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Report: Politicians, churches top list of grabbers of schools’ land

A report commissioned by the Nairobi County government has revealed the extent of the threat posed by land grabbers.

The grabbing of a playground belonging to Lang’ata Road Primary School has highlighted the parlous state of much of city schools’ land.

A report on education, commissioned by Governor Evans Kidero in July last year, describes a ring of faceless but powerful cartels who enjoy high-level protection.

“There is indeed grabbing, widespread misappropriation by individuals, annexing, diverting and selling of public schools land. Those perceived to be following up are often intimidated and threatened by the cartels, whose roots extend to authorities within city hall,” says the report.

Ironically, the task force chaired by the county executive in charge of education Christopher Khaemba, revealed that the faceless grabbers are aided by officials in the Lands Ministry and City Hall.

More than 50 public schools in the city are said to have lost their land to grabbers. Some of them are Kabiria Primary, Ngong Forest Primary, Olympic Primary, Uhuru Gardens Primary, Our Lady Of Mercy and Kamukunji Secondary schools.

“The task force received various complaints and established that there was serious threat to school land.

It was evident the officials are losing control of the schools as we observed that out of every 10 schools we visited, one had a problem where its land had been illegally encroached on,” said the report.

Racecourse Primary School is one such institution that has been engaged in a seven-year court battle to recover land allegedly grabbed by a city politician in 2007.


The Judiciary has been slow to determine the dispute filed in 2008, with efforts to trace the file at the Land and Environment registry turning up no results.

Several similar cases have been referred to the Ethics and Anti-Corruption Commission for investigation.

What is worrying, according to the report, is that it is not only the individuals, illegal settlers, private developers and cartels who have been behind the illegal and inappropriate grabbing of school lands.

“There are instances where religious institutions come under the guise of assisting schools and put up facilities like toilets but later ask to be allowed to use part of school land, which they eventually acquire in collaboration with the authorities at city hall and ministry of land,” said the report.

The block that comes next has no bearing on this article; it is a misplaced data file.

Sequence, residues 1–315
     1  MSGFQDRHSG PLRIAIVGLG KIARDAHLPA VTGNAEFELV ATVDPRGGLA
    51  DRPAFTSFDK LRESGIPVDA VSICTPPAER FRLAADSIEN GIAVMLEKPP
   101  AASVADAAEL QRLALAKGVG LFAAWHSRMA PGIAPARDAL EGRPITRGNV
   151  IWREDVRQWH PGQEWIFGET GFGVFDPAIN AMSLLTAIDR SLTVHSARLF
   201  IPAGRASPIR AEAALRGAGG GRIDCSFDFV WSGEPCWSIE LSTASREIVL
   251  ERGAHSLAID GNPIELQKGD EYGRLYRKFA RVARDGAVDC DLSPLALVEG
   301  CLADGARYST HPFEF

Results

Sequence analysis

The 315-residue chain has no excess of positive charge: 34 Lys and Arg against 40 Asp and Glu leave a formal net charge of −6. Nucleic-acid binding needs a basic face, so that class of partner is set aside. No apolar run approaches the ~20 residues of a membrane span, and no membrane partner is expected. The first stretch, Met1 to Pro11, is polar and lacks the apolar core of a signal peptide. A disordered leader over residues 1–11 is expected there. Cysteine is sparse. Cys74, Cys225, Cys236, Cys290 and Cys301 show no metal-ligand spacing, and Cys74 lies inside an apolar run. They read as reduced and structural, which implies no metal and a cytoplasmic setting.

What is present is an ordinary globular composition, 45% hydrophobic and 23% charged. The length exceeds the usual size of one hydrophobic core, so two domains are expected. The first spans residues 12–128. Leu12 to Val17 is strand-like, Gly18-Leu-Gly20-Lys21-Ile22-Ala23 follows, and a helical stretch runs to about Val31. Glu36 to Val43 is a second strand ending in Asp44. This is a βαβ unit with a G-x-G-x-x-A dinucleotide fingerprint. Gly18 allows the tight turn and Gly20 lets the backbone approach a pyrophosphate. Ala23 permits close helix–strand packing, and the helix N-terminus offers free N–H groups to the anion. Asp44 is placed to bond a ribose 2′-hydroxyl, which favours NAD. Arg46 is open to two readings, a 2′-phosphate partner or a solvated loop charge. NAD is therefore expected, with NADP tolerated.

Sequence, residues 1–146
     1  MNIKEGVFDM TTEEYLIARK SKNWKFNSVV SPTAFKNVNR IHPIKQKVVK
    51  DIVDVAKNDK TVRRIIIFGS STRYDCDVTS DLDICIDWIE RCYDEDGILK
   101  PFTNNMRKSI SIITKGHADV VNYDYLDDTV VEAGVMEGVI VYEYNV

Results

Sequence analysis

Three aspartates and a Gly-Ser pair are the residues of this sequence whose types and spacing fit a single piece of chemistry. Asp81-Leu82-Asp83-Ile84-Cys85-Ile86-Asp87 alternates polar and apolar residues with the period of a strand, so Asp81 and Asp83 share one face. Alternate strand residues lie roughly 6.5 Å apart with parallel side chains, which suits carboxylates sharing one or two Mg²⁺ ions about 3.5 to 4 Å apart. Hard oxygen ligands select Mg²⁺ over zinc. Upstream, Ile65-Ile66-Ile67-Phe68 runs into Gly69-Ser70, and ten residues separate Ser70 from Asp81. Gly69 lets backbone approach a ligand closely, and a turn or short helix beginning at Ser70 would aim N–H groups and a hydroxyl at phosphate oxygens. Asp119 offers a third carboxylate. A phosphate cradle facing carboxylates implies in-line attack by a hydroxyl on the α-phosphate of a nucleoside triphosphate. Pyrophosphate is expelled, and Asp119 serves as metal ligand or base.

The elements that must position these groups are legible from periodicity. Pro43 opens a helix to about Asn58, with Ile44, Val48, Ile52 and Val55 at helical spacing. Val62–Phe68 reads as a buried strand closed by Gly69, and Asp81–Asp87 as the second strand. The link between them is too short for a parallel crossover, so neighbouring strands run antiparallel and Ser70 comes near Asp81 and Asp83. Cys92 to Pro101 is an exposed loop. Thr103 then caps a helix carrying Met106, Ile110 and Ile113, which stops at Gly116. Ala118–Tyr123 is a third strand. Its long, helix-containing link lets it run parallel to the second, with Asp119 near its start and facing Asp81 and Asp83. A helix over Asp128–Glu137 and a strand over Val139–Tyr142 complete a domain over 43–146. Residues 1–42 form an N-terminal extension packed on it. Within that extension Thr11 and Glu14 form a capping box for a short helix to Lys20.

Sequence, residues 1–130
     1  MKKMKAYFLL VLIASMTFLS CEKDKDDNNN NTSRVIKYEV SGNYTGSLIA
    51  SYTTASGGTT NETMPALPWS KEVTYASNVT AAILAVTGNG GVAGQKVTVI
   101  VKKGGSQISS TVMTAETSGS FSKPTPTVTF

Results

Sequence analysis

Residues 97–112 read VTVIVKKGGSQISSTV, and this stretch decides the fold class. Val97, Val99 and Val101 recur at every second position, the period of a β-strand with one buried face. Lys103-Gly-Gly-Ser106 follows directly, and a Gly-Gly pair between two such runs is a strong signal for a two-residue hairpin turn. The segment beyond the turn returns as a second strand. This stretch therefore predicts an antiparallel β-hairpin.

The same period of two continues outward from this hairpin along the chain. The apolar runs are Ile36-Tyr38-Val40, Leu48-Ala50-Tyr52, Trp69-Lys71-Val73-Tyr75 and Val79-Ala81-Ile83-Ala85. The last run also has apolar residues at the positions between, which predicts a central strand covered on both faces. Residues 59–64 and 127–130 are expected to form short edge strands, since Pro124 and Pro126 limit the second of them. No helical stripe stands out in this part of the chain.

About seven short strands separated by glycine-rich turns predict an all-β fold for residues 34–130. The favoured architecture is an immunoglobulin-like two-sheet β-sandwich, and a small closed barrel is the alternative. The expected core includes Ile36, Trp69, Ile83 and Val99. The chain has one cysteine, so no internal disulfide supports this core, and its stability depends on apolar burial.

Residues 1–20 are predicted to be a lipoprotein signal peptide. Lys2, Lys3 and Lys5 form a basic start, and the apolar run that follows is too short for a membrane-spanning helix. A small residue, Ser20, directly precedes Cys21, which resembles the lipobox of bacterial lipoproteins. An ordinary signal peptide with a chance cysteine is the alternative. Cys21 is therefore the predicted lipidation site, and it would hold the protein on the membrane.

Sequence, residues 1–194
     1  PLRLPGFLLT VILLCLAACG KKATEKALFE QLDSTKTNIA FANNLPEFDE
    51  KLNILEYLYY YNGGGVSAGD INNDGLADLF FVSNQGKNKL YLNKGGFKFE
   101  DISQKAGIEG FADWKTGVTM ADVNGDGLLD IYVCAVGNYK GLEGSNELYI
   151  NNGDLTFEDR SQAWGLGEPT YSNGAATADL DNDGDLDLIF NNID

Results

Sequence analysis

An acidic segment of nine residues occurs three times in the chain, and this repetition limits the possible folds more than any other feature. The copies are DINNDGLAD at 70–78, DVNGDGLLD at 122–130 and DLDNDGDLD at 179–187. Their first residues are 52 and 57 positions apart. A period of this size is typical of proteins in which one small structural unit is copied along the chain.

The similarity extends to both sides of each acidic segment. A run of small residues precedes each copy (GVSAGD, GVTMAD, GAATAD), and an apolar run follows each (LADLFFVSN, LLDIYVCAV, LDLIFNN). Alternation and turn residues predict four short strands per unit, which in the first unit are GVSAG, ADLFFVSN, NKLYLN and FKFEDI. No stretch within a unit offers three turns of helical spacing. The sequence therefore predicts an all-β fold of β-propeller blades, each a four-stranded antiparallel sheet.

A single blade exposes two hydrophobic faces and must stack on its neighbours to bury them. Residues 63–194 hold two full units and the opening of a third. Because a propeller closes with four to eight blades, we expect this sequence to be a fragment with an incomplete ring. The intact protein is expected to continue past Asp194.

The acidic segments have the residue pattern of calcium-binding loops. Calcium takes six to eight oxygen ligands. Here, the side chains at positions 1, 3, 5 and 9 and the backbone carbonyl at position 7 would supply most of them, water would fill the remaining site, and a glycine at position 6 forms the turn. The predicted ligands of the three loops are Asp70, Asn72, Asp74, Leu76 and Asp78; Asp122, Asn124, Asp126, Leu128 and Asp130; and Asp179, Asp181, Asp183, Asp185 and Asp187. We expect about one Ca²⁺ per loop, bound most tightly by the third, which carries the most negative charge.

In other instances, the grabbing of the school land is carefully planned and executed through non-confrontational approaches where the grabbers secure court orders through forged documents and questionable circumstances to claim part of or entire school property.

According to the report, the land grabbing is further aided by confusion of who owns the school land and the total acreage.

The task force said their attempts to uncover the identities of the land grabbers were stymied by staff at City Hall’s Land department, who refused to give information due to vested interests and the fear of victimization.

The blame further extends to the Judiciary.

“There is widespread misuse of the legal process to protect the grabbers. In some cases, courts make rulings in favour of the encroachers in total disregard of the rights of the school children,” said the report.

At Uhuru Gardens Primary School, the report said, part of the school land has been grabbed and fenced off.


“In Kabiria Primary School, the school had 10.3 acres but a former politician hived off 3.4 acres. Reports by surveyors show that Olympic Primary School land is diminishing yet the original land is estimated to be nine acres,” said the report.

At Kinyanjui Road Primary School, a church allegedly moved into the school and acquired part of the land where they built another school.

Another church also allegedly moved into Riruta Primary School and obtained a court order in 2006 claiming ownership of part of the land.

The task force also recommended the county government find other land to relocate the Catholic school since the Holy Family Minor Basilica had decided to expand its facilities.

Yet another church is thought to have encroached on Madaraka Primary School land through a questionable letter of authorisation from the city planning department.

The task force established that there were serious threats to the existence of some schools in the city, which is exacerbated by the inability of the county government to protect the schools from grabbers.

The report identified only four schools: Ngei Primary, Toi Primary, Kawangware Primary and Karen C Primary as being fully secure partly due to the political goodwill they enjoy and support from the community around them.

One of the recommendations of the task force is that  the county government urgently investigate the procedures and agreements surrounding acquisition of the school land.

“The county government should establish the original status of all public schools. They should immediately prosecute those involved and provide the schools with titles.”